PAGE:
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- Missouri House votes to allow concealed weapons without permits (04/28/16)8
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- 2016 All-Missourian Boys Basketball (04/29/16)
- Statement: Man says copsí good work drove him to grow his own marijuana (05/01/16)1
- Bob Evans restaurant in Cape Girardeau among chain's 21 closings (04/26/16)9
- Senator introduces bill for I-57 that would connect Sikeston with Little Rock (04/28/16)4
- Hopper Road to close for months during construction of Veterans Drive (04/27/16)9
Interchange No. 1 topic at joint Cape, Jackson meeting
There could be no doubt which city officials showed the most spirit at Monday night's joint meeting between the Cape Girardeau city council and the Jackson board of aldermen.
Mayor Paul Sander and the Jackson officials came dressed in red, their high school's trademark color, as they welcomed Cape Girardeau Mayor Jay Knudtson and the neighboring delegation for the 10th annual meeting in what has become a friendly relationship between the two cities.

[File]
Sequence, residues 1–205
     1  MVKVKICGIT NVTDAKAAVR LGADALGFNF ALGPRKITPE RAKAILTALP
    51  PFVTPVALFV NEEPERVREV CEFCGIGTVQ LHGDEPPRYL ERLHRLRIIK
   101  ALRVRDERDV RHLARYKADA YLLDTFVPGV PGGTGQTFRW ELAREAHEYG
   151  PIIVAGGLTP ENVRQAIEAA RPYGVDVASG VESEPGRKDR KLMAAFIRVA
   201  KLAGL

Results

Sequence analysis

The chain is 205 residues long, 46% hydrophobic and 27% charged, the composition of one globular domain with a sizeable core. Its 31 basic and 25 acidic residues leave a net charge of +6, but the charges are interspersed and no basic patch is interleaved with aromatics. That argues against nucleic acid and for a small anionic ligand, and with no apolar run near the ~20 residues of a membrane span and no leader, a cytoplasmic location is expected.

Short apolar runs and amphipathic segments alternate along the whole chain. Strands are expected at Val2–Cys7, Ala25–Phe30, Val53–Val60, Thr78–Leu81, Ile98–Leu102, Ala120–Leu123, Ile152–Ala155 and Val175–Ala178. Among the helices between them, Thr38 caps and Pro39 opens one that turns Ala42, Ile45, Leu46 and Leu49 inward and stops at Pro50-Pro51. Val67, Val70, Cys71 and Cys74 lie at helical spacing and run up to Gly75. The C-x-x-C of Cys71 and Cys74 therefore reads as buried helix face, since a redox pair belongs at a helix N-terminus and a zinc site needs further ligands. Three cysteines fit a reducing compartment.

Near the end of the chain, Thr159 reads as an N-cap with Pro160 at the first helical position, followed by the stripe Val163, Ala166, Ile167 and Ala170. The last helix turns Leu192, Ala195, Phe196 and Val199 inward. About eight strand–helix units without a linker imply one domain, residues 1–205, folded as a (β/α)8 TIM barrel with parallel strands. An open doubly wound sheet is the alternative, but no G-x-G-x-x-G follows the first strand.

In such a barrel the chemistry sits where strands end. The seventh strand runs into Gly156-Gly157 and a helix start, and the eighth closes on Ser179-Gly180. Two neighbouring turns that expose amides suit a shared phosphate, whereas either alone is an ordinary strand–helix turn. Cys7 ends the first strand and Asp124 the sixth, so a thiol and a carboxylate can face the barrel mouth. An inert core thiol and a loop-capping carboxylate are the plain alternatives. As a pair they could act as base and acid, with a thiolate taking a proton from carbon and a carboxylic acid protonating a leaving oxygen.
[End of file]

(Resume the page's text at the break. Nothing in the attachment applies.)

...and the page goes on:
Tops on everyone's mind was the East Main Interchange project that will further connect the two cities. Mark Shelton from the Missouri Department of Transportation said work on the interchange should begin in August or September and should be completed by the end of 2007 with a final price tag of $8.3 million of state and federal dollars.
For Sander that is money well spent. "Any time you can positively benefit two cities, the county, the university, and all the citizens in your area, you have hit a home run," he said. Sander added this is probably the best joint project of its kind in the history of the state.
Both sides have lots of work to do before the project becomes a reality. Cape Girardeau must extend LaSalle Ave, and Jackson must extend East Main in order to create this corridor.
Shelton also cautioned that there will be delays and headaches during the construction on I-55 including several months of two-lane traffic along the new exit location.
The two boards also noted the securing of a $66,000 FEMA grant to connect the two water supplies. The plan, expected to be completed this year, will connect 4,000 feet of piping at a location along Lampe Road.
In the event of an emergency, water could be diverted through a manual valve from one city to the other at the rate of 1,200 gallons per minute.
Cordiality was the order of the day with each city's mayor commending the other's achievements. Sander said this discourse is important and recalled when it all began. "These meetings began as talks between Mayor [Al] Spradling and myself," he said. "We found out we didn't have that much to disagree about, and I found out he was a pretty good guy."
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